I was going to take a year to make dolls, then open an etsy shop and sell them. I created the Olive Sparrow with that in mind. A dear friend Rima from Undine Jewellery planed on hosting a new craft show with items for mothers and children and I could sell the dolls there in September 2008. However, in March of that year, my niece brought me her doll after playing with her for only a few months and the poor little soul had a hole in the fabric over her nose. I was in shock. There was no way that I could possibly sell dolls that didn't last. I knew that I would have to spend some time with R&D before I would dare to make them for sale.
A whole year went by, a year where I spent countless hours on the internet looking up doll makers, doll suppliers, doll-making books, sheep wool suppliers, costing out supplies to be shipped to me from Europe, but not making dolls. I also contacted a number of doll makers, namely:
Verena from Mein Puppenkind, Gudrun from Gunikat-Waldorfpuppen, Sanne from Allerleipuppen, Iris from Rosenrot-Blumenkinder, Juliane from Fröken Skicklig, Judith from Filzlotte, Angela from Wichtelpuppe, Maria from Mariengold
and asked for some input from them. I was particularly interested in all the mohair wigs that European doll makers seemed to make, yet after purchasing instructions from Maria from Mariengold and some local mohair, I had no success. It was only through the generosity of the above kind souls that I learned about Wollknoll's doll hair mohair.
I ordered every book that I could find on making dolls to study different techniques and see if I could pick up little hints and tricks that others generously shared. There are many patterns and I know that I did not like the traditional sew-up foot because in a shoe it looked more like a hoof than a foot. Also, I did not like a seam down the middle of my dolls' legs. Other patterns made the dolls very skinny, whereas I like my babies to be of a more substantial nature. There is still half a dozen single legs downstairs in my sewing area, all stemming from the development of my current foot and leg pattern. One doll maker had a photo of a bum on her doll. This intrigued me and I decided to work on a pattern where my dolls had a "seat".
Of course, looking at that much information and images from all the books and blogs and websites make it hard to not pick up elements from here and there. Yet I have my own astethic, a personal vision of what I would like a doll to look like, artistic expression would be another word for it. This is fed by subconcious pictures of what left an impression on me during my research time, it is also fed by working with paints and colours in my paintings, by a life-long love for textiles, sewing, knitting, spinning.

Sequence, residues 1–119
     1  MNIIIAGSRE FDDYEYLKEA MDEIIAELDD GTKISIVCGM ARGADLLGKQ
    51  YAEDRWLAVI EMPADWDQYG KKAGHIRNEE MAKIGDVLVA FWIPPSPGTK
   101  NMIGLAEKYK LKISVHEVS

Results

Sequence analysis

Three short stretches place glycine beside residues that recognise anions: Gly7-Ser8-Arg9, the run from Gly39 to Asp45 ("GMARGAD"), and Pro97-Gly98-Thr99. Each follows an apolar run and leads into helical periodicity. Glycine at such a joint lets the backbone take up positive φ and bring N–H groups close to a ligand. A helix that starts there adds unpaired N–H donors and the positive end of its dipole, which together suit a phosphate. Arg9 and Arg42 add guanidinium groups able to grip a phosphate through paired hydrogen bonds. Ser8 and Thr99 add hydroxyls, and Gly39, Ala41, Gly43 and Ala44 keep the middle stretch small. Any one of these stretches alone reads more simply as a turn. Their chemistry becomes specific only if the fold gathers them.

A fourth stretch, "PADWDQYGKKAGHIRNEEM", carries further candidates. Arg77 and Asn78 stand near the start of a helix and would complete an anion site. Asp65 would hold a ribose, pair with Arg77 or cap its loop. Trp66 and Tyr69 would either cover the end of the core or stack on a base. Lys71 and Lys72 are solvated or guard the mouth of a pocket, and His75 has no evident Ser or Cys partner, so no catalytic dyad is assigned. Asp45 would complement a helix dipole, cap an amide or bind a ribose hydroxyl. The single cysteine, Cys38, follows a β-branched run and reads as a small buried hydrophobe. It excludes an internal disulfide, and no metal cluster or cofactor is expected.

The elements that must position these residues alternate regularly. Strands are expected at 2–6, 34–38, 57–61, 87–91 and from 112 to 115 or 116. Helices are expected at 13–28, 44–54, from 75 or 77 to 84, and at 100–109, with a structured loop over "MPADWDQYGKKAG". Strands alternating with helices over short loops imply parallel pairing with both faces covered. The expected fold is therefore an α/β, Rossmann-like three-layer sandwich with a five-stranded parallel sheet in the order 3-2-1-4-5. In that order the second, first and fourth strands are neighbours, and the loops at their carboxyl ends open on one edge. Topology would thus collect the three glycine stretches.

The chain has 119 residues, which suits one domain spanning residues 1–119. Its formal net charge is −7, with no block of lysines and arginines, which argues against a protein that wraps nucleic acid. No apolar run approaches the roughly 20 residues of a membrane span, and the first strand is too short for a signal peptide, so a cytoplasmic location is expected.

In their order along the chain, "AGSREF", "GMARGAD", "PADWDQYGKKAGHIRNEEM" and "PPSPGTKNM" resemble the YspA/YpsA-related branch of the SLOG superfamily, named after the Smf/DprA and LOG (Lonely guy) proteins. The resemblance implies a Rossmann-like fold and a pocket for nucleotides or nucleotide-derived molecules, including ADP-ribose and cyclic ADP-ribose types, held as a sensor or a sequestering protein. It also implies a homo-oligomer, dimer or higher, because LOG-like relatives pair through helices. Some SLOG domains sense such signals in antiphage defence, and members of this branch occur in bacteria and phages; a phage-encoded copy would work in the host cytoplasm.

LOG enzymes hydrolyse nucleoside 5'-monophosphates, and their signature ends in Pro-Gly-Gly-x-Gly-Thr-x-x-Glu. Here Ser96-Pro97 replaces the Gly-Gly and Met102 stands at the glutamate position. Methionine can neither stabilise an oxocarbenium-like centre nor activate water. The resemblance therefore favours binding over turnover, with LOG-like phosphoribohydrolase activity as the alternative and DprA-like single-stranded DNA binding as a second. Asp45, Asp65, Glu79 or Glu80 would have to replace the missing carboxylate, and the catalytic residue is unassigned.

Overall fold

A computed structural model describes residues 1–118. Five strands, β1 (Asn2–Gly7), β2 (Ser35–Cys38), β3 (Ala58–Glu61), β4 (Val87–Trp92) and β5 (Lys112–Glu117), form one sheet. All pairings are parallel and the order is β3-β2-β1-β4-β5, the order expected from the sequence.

There are times when I teach workshops about my art practice, but I don't ever teach on how to make "my" art. I teach techniques, creative thinking, the finding of one's personal symbols, because I believe that at the end of the day the only way to be truly successful as an artist one has to create authentic work. Oh, I've been violated by people stealing my work, my ideas, my creations, but I also know, that I will come up with new ideas and that I can do better than I have done in the past. There are choices, choices to share because we don't want to see a skill die, to share for financial gain, or not to share and only to make for ourselves.
Before the prevalence of the Internet, during wholesale showes I used to participate in, there was a clear code of conduct, i.e. if you had an exhibitor's batch, you could only enter the booth of another exhibitor if you where invited in. Ideas still got stolen, we often just wouldn't find out about it because we were not connected. It is hard to imagine, but the internet is still very much in its infancy (main-population usage is what, about 10 years?), and hope that as we mature with it, there will be other acceptable codes of conduct established and hopefully enforced. A blog that can be read and accessed by anybody is a great sales tool, however, it is also an invitation to the world to "common' into our booth and have a look around", without knowing if it is a buyer or an exhibitor.
As a closing note, I find "Creative Authenticity" by Ian Roberts to be a wonderful read for working on our own creative voice.